Museums and Sites of Cartagena, Spain
Cartagena, Spain probably would have never been a place that I would have visited if it had not been for a friend of mine suggesting otherwise. I had no idea what to expect when I arrived.
I did no research before I had arrived. An approach that is pretty typical of me. Don’t get me wrong, I did do the general search that I normally do. General things such as the weather, safety, cost of living, and such.
So when I arrived in Cartagena I knew within the first thirty minutes that I was going to thoroughly enjoy, if not love, this town! How could I not! This was an archaeological hotspot!
To be brief, Cartagena’s history in Spain spans back to around 209 BCE; they had the misfortune of having to leave their homeland of Tunis around twenty years prior. It was only twenty years after their arrival into Spain and establishing their new home that Rome decided they wanted the port city. Most of the archaeological history that is, for me, the highlights of Cartagena are of Roman influence. And boy is there a lot!
All the history of this town kept my friend Koep and I very busy from sun up to sun down. We had four days in this wonderful town and we spent three of them in amazing museums and sites, each grand in their own way.
A word of advise (and I should have known better), all museums are closed on Mondays in Cartagena. This seems to be a general rule across Europe. It is not just for museums, but for several businesses, actually. However, this variable did not stop us from taking in the sites. There are several in this town that can be seen from the outside.
Just walking and looking around we could see so many ruins throughout the city.
The wall that surrounded the old town. Graffiti aside, it is a nice walk with great views!
Hello museums and warm blue skies! One thing that Cartagena does not lack are the number of museums they offer; and they are not expensive at all! In addition to archaeological based museums they also have several military based museums as well! Our first museum was that of the Punic Wall.
Underwater Archaeology Museum
Of course the Underwater Archaeology Museum was next in line to see. Being an archaeologists and a scuba diver I enjoyed this museum extensively! It was well put together and brought awareness to issues and subject that are otherwise never considered or discussed. Great for peoples of all walks of life.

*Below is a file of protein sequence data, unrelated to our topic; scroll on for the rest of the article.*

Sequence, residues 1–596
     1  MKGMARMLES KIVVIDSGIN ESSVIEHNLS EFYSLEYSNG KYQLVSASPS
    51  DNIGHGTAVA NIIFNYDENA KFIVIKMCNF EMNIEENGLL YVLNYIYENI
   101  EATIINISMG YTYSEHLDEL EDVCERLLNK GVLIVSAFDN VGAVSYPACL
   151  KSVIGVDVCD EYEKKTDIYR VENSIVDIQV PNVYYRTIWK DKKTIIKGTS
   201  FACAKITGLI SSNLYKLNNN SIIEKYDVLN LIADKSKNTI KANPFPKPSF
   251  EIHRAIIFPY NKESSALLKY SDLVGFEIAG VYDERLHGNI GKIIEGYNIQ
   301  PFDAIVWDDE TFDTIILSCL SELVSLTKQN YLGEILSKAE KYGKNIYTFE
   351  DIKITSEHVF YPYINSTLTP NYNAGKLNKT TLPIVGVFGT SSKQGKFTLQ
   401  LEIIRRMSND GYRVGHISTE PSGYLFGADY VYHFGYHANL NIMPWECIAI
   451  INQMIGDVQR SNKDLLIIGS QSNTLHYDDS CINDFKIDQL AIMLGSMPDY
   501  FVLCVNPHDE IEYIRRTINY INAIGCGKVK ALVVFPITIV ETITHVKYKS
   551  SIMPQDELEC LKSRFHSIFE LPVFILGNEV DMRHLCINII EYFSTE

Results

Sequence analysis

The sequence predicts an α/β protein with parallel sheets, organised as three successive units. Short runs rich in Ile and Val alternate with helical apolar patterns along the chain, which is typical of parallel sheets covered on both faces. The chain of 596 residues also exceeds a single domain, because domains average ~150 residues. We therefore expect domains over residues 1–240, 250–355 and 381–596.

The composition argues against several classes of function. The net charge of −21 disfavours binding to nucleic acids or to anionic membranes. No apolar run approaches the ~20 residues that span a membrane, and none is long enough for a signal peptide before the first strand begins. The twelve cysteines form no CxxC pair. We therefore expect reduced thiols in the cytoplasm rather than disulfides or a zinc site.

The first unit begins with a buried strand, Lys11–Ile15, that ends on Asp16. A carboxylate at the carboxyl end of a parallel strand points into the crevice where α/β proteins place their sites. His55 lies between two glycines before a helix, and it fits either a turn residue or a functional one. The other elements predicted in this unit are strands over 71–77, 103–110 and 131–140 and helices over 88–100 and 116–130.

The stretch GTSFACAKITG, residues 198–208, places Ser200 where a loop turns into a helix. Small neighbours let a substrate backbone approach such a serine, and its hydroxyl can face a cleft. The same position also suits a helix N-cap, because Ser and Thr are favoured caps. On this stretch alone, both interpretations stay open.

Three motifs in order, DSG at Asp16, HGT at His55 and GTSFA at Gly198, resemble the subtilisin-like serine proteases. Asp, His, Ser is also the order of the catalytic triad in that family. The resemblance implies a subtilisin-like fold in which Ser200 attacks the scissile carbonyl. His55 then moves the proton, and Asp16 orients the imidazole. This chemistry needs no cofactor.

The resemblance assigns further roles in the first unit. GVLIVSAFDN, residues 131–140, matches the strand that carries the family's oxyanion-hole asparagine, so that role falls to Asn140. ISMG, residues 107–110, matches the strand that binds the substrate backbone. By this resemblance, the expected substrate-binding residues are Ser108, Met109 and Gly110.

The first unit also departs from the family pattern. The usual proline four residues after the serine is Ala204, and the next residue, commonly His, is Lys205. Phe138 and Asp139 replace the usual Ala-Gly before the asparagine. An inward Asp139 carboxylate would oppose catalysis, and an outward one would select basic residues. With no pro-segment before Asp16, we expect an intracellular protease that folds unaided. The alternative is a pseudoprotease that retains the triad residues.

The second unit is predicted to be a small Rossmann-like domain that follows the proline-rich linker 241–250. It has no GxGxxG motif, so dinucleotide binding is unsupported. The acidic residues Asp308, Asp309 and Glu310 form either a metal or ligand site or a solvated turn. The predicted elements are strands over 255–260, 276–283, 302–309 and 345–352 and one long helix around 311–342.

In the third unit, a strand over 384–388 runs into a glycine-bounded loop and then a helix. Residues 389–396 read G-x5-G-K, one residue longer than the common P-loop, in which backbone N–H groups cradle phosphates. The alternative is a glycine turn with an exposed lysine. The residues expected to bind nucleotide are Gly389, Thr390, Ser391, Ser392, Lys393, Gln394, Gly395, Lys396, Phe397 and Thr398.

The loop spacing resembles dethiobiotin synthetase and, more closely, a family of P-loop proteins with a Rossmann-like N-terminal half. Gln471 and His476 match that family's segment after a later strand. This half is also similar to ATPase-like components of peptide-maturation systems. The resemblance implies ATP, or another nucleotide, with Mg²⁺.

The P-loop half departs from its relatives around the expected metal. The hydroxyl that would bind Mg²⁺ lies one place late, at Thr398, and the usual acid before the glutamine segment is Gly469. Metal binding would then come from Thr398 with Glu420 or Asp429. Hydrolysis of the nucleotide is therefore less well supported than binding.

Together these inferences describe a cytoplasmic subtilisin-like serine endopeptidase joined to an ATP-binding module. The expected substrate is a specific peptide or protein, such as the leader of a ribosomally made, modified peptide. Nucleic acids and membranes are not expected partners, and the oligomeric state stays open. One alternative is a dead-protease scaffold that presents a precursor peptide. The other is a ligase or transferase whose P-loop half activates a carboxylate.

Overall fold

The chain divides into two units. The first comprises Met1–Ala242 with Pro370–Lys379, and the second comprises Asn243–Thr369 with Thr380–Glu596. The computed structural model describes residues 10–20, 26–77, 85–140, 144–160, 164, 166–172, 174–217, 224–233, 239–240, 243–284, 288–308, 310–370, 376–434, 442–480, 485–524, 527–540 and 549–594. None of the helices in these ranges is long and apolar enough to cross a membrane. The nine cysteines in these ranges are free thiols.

After eating our first helping of the locals favorate dish, Caldero, at a nice seaside restaurant for only four euros, we moved onto the Roman Theatre Museum…easily my most favorite museum and experience!
Roman THEATre Museum
I can’t explain how excited I was when I saw that we were able to walk down these steps and explore!
Koep felt like catching a show at the Roman Theatre in the nose-bleed section. I didn’t have the heart to tell him he was late by a few thousand years. Fortunately, he wasn’t upset. Can you blame him? Just look at that view!
Municipal Archaeological Museum
We tracked down the Municipal Archaeological Museum on the other side of town. It wasn’t the most exciting area of Cartagena, but the museum made it worth the thirty-four minute walk. This museum provided a chronological exhibit that expanded from the prehistoric history to modern art of Cartagena.
It was a quaint museum, but a very stimulating one. The Mosaics are most impressive…and it was free!!
The naval museum was our next stop. It was also a change in the theme of all the museums and sites we had visited and focused on thus far.
I enjoyed this museum, especially the history of their flag and the very impressive model ship exhibit they had.
Since the day we had arrived we had been eyeballing the ruins of what looked like a castle or wall. It is hard to miss it when walking through the city for it is high up upon a mountain in the center of the city.
So we decided to trek up the steep road and take in the site. It was a bit dodgy looking when we arrived due to all the trash, but it was an impressive feat and provided an amazing view.
Still not knowing its proper name, we dubbed it ‘Fort Sketchy’. The hidden stairs we found that led us to an even higher location in the ruins was the most fun.
District of the Roman Forum
Our second to the last museum was the District of the Roman Forum. I enjoyed this site because it brought something new to the dynamic of things.
This was a location of a spa and socially hosted events. It was a site that was rare in itself because it was ninety percent intact from its original form…an archaeologist’s dream site! Definitely worth a visit!
From day one we always found our way to the general area of the Conception Castle, yet we never made it up to it, or even knew it was there. So learning that I can finally go up the Lift I had been eyeballing since I arrived was a great treat for me! The lift brought us up to the castle that provided the best view we had come across.
The walk up to the castle provided an interesting variable – Peacocks! There was even an albino female that was gorgeous!
The castle itself did not have many exhibits, however, it allowed you to climb to the top and see the stunning view that those who had lived in it during its glory.
Sadly, we could not experience all the museums and sites such as the Civil War Museum, Military Museum, and the House of Fortune because of our time constraint. But my guess is they would not disappoint.
All I have to say is Cartagena did not disappoint when it came to archaeology, history, scenery, kindness, price, and accessibility. I am really happy I was convinced to visit this historically loaded Cartagena, Spain.
Tell me about your favorite museum!